Challenging?  Oh yes.  Quite.  But they’re supposed to be, aren’t they?  I think so.



Education for Every Child Based on Their Individual Interests and Learning Needs

Let’s stop arguing and let teachers teach. 

As our public education system slips and slides down the international scale of standards and knowledge, our students and teachers are paying the price in a system run by fear and teaching to the test.

Let's Let Teachers Teach Every Student Based on Needs and Interests

What has happened to education in America?

A simple answer is politics. Instead of working together to improve a once solid system, we are becoming polarized in our political views of how education should be run.

Some believe education should run as a business. Money in, equals profit out. The profit in education is test scores and numbers, not how well our children are prepared for the workforce and their communities.

Every student is looked at as potential profit with potential return. Students who do not perform well on tests get left behind. Teachers no longer have time to work with struggling students. They must continue pumping out material so every student has an opportunity to succeed on the assessment. Those who fall behind must catch up on their own.

How we will find every child’s strengths and give them equal access to resources when we are too focused on measuring their success on paper?

Walter McKenzie, on The Whole Child Blog, says the current education system does not reference a choice or children -

  • Education is a public enterprise funded by taxpayers.
  • Government reports to taxpayers on its performance.
  • Elected officials craft policy and practice in the name of accountability.

McKenzie says our education system is being run as a “business that needs to produce numbers to justify the value.”

Some believe the way to “fix” education is to privatize it. This will allow the haves to continue to succeed and receive a strong education, while the have nots will continue to struggle to gain access to opportunities.

Others believe holding teachers and schools accountable is the right way to go. Put numbers to paper on how well each student is doing and that will rate the job of every teacher and in turn rate schools.

But what does this really do?

It takes away the individual strengths of each child, and lumps everyone into one pile – you get it or you don’t. Individual interests, ability and learning needs go out the window along with discovery and well rounded learning in an environment of fear. Educators teach in fear, students take assessments in fear.

Let’s stop the arguing and the fights over how to politically reform public education and refocus on our kids.

Focus on every single one of them and what makes them special and unique.

Let’s trust teachers make the decisions for each of their students in the classroom instead of making uneducated decisions in a courtroom. Teachers are the experts in education, not politicians.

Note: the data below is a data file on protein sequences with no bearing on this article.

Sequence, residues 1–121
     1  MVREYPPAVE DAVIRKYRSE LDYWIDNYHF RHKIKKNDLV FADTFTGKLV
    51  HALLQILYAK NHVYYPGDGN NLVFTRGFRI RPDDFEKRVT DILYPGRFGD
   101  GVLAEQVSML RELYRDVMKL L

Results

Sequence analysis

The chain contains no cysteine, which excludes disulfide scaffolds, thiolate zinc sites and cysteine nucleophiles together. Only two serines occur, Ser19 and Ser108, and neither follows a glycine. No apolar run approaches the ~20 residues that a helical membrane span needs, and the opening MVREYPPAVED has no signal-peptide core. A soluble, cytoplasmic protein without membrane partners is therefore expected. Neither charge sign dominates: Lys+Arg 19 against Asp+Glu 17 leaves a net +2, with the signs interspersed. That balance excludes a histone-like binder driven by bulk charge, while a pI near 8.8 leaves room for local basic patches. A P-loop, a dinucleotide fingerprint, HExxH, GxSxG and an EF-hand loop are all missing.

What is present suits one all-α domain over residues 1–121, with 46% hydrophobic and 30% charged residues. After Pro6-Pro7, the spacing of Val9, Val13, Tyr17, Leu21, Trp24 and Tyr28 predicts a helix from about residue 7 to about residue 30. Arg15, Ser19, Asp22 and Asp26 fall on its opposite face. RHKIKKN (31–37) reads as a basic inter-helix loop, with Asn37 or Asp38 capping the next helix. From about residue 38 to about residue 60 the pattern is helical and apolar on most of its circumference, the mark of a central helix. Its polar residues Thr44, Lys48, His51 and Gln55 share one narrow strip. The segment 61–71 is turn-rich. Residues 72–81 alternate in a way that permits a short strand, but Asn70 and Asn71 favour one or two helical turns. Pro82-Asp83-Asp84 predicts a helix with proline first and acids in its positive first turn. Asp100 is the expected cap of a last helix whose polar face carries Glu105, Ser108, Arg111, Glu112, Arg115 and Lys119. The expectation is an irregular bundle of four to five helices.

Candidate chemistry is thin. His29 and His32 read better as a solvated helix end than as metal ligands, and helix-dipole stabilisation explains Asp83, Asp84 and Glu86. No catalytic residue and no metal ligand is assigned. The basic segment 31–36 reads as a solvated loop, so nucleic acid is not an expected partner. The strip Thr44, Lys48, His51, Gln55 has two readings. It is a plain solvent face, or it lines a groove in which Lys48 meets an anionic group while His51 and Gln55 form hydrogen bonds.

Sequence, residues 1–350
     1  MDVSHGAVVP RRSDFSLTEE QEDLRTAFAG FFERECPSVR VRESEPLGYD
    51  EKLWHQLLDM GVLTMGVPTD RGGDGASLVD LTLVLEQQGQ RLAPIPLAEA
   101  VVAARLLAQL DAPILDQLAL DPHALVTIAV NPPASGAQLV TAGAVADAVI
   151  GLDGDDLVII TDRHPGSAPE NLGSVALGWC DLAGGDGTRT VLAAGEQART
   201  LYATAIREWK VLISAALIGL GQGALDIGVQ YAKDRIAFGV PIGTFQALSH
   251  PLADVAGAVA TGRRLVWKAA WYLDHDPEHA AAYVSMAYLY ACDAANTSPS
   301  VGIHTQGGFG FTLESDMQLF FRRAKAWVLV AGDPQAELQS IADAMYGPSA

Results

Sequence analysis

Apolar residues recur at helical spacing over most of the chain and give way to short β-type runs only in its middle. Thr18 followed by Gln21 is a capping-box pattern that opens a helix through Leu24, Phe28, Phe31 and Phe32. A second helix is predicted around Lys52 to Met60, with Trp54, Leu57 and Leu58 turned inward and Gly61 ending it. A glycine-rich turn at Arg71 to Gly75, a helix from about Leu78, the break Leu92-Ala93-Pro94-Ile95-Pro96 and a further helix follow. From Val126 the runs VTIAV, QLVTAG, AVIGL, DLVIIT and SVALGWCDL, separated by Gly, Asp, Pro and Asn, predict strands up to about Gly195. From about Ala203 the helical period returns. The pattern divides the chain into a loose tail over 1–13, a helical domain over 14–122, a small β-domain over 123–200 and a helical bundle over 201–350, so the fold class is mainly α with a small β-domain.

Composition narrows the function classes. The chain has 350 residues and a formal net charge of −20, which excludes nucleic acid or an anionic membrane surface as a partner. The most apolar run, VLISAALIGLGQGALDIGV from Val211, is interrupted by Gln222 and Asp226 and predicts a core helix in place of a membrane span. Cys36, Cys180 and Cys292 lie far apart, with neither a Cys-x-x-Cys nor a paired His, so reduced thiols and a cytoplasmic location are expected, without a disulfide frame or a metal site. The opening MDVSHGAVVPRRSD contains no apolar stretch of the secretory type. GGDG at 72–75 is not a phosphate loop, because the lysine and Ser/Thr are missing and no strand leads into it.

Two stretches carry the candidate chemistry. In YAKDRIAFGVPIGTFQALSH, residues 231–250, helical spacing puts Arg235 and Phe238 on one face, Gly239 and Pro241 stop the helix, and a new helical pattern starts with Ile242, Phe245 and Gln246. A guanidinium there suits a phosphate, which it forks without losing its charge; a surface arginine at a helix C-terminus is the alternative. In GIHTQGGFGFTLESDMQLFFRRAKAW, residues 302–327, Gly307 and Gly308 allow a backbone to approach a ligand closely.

We leave you with Silhouette Man and his opinions of American education…

Silhouette Man - What is Wrong with Education Today

Silhouette Man - What is Wrong with Education Today Silhouette Man - What is Wrong with Education Today Silhouette Man - What is Wrong with Education Today Silhouette Man - What is Wrong with Education Today


Reading, Observation, & Funky Times


books, reading, girl

When we read, we are doing far more than interpreting symbols on a page.  We are privileged.  We are invited guests.  We are peeking through windows, listening through keyholes, using context clues to figure out what’s going on in both familiar and unfamiliar environments.  Our ability to put things in order, in our minds, as we read and observe a writer’s thoughts about math, history, Victorian England, Hogwarts, Narnia, cooking, movies, music, parenting, government, politics, religion, nursery rhymes, nonsense, facts, fiction. . . . anything, really, corresponds with our ability to put things in order when things are standing before us in real life.  In many ways, books ARE real life, and any time we are privileged to share another person’s thoughts and opinions, we should also be analyzing environment, facts, opinions, books, reading, boyand actions, for all of these things, and many more, are what make up life.  And life, of course, can be lived in many different ways, according to the context of the moment.

Readers are observers, of lives other than their own.  Readers are observers, and will often see what non-readers overlook.

Did I mention that readers are observers?  Let’s have a little fun with that philosophy.

Well, that was pretty cool.  Let’s think about it.  Okay, now let’s do it, too!

Something happened in class a few minutes ago.  What was it all about?  Your powers of observation are connected to your ability to understand context, and to make connections.

  1. What liquid did the professor pour into that cup?
  2. Are you sure that’s what it was? Are you SURE?
  3. What is the name of the student on whose head the cup was overturned?
  4. What is the first thing the professor said, after turning the cup upside-down on the student’s head?
  5. Did the overturned cup contain water?
  6. What else was in the overturned cup?
  7. If the overturned cup contained plain water, what should have happened when the pencil pierced it and was then removed?
  8. What does the substance in the overturned cup have to do with anything else you have learned in this class?
  9. Will the substance in the cup remain like that forever?  How do you know?
  10. What did this science experiment have to do with an exercise in reading?

Now, take your sample home and see how observant your family might be.  Those who are readers will usually do better than those who don’t read as much.

Science and reading and connections, oh my. . . . .